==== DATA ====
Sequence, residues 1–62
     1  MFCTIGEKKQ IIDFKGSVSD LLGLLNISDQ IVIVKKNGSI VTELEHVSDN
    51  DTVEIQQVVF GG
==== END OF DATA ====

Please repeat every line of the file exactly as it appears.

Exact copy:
Sequence, residues 1–62
     1  MFCTIGEKKQ IIDFKGSVSD LLGLLNISDQ IVIVKKNGSI VTELEHVSDN
    51  DTVEIQQVVF GG